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Habits Are More Important Than We Realise

1361 Views 13 Replies 4 Participants Last post by  Phantasm
I've always skipped over this section as well-meaning but pointless. After all, great problems require great solutions, right?

I've just finished reading a book called Atomic Habits by James Clear, and it talks about how big changes are not made by big efforts - it just appears that way.

In fact, big changes are the long-term result of many tiny, manageable and achievable behaviours - all the 1% improvements here and there. Little habits that we can achieve, right now, can lead to a growth of related habits we didn't think we were capable of down the line.

It's not about results, it's about who we want to be and being that way in all sorts of small ways throughout the day. Habits define our identity, just as our identity guides our choice of habits.

As such, this hugely effects mental health. "How would someone without depression act today?" The repetition of habits becomes proof of who we are.

Currently my daily ones are:

Touch toes
Open book file
Open art file

Doesn't sound like much, does it? But touching toes requires a warm up with leg swings, which leads to a general workout. (One good habit leads to another related one.)
Opening my book and art files each day, without any other requirement, typically leads to me writing a line or doing a bit of drawing.(Just establishing the small habit of opening the files every day leads to everything else).
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Are you sure that’s a habit? I think that was smart of him, he didn’t allow himself to form habits around his clothing.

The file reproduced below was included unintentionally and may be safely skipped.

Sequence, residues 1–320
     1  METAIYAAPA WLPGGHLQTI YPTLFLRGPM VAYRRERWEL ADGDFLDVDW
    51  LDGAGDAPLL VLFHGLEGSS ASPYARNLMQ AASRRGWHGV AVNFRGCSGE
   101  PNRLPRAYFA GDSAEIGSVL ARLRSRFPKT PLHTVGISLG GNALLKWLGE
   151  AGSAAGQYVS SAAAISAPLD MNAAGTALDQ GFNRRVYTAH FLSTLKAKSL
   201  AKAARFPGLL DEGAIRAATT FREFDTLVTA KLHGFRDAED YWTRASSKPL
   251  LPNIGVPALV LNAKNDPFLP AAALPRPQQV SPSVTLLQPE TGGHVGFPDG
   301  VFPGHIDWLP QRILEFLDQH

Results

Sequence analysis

Instead of wasting energy on thinking about what to wear, he didn’t because he bought all the same clothes. So, I really dont think that’s a habit, just saying
I don't think there is necessarily anything wrong with habits. When you learn how to drive you form habits and then it frees some of your mind to pay more attention on the road and drive more safely. You also make habits on what are the things that you need to pay attention to and what things you can ignore, which is very good when you drive.
But you are probably talking about what they say around mindfullness, that we do some things out of habit and without paying attention, we react automatically without being mindful, and then we make the same mistakes over and over for example, and our lives run by without being lived. I agree it is good to be mindful about stuff, but we cannot be mindful about absolutely everything, this is just impossible. We can prioritize our attention and habits help us to do that. Also habits can help us achieving stuff using less energy and less effort. But we can be mindful about how we use habits, we don't need to let them govern us.
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Wait, what are we defining as habitual? Learning how to drive a car, learning how to watch the road so you’re safer is not a habit. If it was habitual then it would have to be the SAME exact process every time. But when you’re driving you are watching attentively, because the same thing doesn’t happen every time. There’s a difference between learning how to do something and learning a habit. So, being free of habits means being aware of all psychological patterns. And we may not realize but most of us live IN habits, not just physical forms like brushing your teeth etc etc, but the whole way that we are. You think and form opinions around it, your mind has built a whole structure and network of habits. So I’m saying it’s important to be free of that, all psychological dependency and attachment.